The NoIndex tag tells Google not to index a certain page on your website. This can be useful if you have a page you don’t want people to find in search results.
A NoIndex tag on a page will show up as “Excluded by NoIndex Tag” in the Google Search Console Status report and in the Index Status report of Rank Math’s Analytics.
If you want people to be able to find this page, you’ll need to remove the noindex tag. However, if the pages are intentionally set to noindex, you can ignore this status.
Don’t worry, though! In this knowledgebase article, we’ll explain what this message means and give you tips on how to fix it.
1 What Does “Excluded by NoIndex Tag” Status Mean?
The excluded by noindex tag status means that Google has found a noindex tag on your page. This could be due to a number of reasons:
- You might have accidentally added a noindex tag to your page.
- You might have accidentally checked the discourage search engine option in WordPress settings.
- A site plugin or script might add a noindex tag to your pages.
- Your site might have been hacked, and a hacker might have added a noindex tag to your pages.
If you want people to be able to find this page, you’ll need to remove the noindex tag. We’ll show you how to do that in the next section.
2 How to Fix the Excluded by NoIndex Tag Status
The first step is to identify all of the pages on your website that are affected by this status message.
To do this, navigate to the Pages section of Google Search Console and click on Not indexed, as shown below.
Then, click on the “Excluded by ‘noindex’ tag” status.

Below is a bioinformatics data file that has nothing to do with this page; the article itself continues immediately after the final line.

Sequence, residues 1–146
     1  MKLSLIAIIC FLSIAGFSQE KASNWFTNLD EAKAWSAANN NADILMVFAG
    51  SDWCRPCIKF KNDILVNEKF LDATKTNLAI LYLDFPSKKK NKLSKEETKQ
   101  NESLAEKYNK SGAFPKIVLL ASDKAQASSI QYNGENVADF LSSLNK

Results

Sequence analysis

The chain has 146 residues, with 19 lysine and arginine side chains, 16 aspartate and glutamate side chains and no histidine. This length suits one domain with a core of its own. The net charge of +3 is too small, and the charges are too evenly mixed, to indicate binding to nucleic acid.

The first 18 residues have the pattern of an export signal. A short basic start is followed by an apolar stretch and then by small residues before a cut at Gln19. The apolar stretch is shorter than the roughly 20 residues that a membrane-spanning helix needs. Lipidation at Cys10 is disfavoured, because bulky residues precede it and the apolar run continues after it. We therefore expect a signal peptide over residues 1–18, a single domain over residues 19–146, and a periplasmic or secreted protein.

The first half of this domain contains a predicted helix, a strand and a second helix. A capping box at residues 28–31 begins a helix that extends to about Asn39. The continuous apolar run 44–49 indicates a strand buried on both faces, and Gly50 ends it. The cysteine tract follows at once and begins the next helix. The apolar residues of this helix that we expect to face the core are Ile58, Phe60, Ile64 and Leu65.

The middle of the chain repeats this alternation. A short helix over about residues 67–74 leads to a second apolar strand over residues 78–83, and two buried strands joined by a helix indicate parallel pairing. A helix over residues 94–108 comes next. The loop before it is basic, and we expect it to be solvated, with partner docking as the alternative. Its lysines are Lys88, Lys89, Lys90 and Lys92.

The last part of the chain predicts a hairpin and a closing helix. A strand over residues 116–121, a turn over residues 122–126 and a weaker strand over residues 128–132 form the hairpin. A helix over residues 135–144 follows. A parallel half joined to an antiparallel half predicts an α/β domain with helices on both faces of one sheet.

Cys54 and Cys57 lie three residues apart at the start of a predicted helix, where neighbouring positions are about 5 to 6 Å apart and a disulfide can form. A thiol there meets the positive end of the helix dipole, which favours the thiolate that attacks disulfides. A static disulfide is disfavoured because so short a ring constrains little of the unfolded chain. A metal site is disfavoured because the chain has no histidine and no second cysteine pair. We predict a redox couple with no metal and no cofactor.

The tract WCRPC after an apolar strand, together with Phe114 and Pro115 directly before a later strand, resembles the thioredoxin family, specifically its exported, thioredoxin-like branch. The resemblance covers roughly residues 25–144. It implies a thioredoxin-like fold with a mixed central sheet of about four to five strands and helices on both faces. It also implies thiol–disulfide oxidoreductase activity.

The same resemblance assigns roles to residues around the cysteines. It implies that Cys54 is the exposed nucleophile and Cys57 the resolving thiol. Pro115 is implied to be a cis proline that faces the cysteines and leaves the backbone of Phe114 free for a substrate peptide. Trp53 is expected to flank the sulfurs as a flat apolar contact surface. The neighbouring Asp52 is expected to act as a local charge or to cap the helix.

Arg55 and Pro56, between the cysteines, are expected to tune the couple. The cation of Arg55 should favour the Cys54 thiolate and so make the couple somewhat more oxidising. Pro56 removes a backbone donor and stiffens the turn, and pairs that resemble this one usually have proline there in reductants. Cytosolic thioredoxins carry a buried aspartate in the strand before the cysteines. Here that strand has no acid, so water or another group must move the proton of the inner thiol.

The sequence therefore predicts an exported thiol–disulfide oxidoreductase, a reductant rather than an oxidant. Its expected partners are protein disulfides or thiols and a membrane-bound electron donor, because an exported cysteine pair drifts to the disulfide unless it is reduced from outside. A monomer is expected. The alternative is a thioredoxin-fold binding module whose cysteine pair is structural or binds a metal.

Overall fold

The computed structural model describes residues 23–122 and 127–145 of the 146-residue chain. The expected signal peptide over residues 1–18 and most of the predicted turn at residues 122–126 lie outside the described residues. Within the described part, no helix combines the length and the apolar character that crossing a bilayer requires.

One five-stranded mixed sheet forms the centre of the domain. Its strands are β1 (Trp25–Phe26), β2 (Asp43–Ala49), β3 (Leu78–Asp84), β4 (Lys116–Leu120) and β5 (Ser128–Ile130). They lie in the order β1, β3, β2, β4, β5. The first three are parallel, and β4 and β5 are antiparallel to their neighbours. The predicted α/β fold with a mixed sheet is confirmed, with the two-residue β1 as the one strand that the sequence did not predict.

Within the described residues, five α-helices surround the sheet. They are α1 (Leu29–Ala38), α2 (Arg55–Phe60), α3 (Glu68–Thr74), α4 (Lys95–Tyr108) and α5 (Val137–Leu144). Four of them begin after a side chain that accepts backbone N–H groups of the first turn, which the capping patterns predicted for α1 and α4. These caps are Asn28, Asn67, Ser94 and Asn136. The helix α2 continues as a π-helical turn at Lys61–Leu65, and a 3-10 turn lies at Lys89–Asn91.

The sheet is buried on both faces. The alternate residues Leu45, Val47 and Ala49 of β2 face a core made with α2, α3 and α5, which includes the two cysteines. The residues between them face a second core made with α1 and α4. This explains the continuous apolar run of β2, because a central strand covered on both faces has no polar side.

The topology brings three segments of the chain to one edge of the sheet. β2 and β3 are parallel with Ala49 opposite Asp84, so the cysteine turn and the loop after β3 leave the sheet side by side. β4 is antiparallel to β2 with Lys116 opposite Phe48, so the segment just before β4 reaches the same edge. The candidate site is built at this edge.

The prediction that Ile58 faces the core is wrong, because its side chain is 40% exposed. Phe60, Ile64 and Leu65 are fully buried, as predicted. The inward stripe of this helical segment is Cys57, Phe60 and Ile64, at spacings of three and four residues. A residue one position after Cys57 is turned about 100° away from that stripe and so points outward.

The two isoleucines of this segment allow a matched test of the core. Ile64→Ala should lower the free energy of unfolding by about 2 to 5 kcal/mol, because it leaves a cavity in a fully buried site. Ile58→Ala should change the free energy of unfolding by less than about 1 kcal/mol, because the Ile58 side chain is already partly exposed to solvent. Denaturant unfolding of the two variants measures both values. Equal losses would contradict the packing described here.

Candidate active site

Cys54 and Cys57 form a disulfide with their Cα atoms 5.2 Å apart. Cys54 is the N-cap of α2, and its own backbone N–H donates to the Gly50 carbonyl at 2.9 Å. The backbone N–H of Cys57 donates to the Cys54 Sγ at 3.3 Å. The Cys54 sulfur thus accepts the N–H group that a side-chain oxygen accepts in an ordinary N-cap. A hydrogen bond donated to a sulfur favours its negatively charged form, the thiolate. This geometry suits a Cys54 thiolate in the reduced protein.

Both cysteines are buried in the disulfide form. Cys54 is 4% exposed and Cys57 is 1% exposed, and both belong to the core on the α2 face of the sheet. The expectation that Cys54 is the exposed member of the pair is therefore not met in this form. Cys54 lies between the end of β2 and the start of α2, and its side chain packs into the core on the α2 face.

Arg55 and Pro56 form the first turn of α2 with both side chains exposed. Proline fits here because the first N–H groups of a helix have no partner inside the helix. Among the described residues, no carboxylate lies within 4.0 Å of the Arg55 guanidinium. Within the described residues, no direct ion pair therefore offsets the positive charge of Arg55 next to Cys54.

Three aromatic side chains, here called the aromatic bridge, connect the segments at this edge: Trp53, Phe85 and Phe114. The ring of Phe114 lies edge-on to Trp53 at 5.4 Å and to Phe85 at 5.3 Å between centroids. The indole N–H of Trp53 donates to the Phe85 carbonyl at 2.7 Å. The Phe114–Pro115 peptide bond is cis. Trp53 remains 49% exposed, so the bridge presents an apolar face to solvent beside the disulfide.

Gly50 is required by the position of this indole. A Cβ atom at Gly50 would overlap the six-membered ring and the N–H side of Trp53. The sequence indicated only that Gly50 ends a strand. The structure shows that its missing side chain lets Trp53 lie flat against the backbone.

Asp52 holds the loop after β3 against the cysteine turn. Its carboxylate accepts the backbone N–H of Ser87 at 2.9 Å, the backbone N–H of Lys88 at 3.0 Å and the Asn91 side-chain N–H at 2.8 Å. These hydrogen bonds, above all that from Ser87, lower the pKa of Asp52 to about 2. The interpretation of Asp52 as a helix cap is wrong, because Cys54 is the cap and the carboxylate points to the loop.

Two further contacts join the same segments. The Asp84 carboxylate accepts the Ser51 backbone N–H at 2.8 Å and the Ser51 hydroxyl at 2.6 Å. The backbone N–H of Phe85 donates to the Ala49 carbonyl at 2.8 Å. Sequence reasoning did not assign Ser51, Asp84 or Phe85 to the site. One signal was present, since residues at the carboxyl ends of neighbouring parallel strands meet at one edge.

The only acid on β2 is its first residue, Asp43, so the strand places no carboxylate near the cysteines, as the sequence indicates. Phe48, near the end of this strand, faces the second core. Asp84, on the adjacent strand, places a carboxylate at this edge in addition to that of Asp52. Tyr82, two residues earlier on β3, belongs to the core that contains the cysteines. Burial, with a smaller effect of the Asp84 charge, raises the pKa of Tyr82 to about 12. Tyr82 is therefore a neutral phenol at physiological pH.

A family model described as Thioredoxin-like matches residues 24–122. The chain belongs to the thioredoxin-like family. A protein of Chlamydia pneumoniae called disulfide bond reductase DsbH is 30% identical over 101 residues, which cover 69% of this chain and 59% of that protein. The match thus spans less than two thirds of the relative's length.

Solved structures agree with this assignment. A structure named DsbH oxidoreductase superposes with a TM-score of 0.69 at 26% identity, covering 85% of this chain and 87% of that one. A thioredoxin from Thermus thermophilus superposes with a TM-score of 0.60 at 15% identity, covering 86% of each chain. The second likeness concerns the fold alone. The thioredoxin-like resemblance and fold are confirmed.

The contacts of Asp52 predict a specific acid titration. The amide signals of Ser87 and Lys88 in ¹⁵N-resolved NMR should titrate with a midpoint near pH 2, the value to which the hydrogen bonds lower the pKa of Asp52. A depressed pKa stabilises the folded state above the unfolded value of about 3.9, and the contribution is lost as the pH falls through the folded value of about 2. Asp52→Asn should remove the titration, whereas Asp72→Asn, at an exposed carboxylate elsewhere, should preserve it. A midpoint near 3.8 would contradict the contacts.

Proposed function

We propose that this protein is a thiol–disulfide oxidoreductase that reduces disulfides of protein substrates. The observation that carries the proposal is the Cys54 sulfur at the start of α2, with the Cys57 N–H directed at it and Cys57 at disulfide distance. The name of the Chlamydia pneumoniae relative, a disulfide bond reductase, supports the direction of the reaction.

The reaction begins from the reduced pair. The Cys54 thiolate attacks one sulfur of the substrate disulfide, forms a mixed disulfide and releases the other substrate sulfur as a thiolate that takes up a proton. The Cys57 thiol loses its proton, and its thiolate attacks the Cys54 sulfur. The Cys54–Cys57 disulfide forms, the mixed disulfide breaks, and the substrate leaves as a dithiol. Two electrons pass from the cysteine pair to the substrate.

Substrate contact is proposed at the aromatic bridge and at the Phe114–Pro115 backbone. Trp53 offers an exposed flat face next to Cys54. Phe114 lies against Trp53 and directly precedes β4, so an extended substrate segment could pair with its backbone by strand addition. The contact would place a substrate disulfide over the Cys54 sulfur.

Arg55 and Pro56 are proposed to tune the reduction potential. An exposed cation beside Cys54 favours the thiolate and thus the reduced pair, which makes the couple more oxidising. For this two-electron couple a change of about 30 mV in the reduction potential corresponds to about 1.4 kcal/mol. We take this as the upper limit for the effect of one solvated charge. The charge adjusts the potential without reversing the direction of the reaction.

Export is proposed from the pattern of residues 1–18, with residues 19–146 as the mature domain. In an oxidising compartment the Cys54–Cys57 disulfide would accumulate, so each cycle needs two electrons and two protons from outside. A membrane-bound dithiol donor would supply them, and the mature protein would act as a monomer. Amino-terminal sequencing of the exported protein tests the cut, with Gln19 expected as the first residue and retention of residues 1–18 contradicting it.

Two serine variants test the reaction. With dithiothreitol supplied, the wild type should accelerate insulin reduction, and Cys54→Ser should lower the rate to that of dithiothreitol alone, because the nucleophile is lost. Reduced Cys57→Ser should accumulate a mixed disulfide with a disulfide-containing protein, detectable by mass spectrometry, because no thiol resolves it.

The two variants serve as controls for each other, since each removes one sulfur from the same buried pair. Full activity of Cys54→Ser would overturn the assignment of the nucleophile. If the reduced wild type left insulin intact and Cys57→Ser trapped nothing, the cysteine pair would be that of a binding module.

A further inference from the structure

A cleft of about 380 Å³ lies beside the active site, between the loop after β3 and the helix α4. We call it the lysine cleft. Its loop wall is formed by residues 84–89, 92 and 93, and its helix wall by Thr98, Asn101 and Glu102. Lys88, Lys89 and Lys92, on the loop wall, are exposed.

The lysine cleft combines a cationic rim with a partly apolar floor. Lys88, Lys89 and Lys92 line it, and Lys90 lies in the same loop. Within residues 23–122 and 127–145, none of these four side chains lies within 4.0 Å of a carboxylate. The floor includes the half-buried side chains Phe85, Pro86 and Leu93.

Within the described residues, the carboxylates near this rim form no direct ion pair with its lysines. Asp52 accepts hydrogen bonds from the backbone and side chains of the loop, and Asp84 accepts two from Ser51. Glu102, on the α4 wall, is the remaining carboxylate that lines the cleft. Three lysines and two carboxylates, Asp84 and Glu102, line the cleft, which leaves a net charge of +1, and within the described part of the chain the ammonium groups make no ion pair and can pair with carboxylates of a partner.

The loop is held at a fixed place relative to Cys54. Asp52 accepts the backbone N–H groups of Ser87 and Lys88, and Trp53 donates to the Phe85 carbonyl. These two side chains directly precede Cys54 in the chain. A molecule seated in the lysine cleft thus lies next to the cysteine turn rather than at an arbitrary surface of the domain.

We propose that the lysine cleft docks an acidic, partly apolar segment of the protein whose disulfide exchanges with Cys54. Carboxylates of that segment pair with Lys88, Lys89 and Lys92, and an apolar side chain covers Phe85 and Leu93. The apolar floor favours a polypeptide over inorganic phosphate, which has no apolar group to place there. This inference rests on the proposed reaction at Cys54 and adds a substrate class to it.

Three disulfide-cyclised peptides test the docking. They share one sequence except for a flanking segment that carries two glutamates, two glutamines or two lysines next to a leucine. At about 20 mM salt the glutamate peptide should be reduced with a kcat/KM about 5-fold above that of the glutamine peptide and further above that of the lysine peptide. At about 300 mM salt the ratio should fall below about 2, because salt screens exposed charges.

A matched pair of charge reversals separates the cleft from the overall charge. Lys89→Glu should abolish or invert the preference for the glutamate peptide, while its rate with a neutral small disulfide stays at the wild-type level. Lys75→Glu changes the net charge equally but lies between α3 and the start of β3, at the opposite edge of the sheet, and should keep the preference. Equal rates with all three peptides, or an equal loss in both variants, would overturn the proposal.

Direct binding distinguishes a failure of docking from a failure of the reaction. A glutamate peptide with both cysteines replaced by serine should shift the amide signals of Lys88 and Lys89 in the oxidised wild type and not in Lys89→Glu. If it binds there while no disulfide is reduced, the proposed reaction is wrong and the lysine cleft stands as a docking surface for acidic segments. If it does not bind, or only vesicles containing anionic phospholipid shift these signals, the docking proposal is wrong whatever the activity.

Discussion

This will show you a list of all the pages on your website that are affected by this issue.
Once you have identified the pages that you want to be indexed, you need to remove the NoIndex tag from those pages.
Alternatively, you can check Index Status under Rank Math > Analytics > Index Status tab. Under this tab, you’ll get the real data/status of your pages and their presence on Google.
Moreover, you can filter the post’s index status using the drop-down menu. When you select a specific status, say Excluded by ‘noindex’ tag, you’ll be able to see all posts that share the same index status.
In order to fix this status, you can follow the relevant steps discussed below.
1 Check Rank Math Metabox
Start by opening the post/page/taxonomy term in the WordPress Editor. In the case of Gutenberg Editor, click the Rank Math SEO icon in the top-right corner of the page to open the Rank Math Metabox.
For Classic Editor and taxonomy terms, scroll down to the bottom of the page to find the Rank Math Metabox.
If the Rank Math Metabox is unavailable for you, you need to ensure that you’ve enabled Add SEO Controls from Rank Math > Titles & Meta Settings > Pages (or other relevant sections).
Next, In the Rank Math Metabox that appears on the screen, choose Advanced Tab. If you cannot find the Advanced tab, please enable the advanced mode from Rank Math > Dashboard.
Next, you need to check if the Robots Meta is set to No Index, then simply select the Index checkbox, as shown below, and update the page/post.
2 Check Rank Math’s Titles & Meta Settings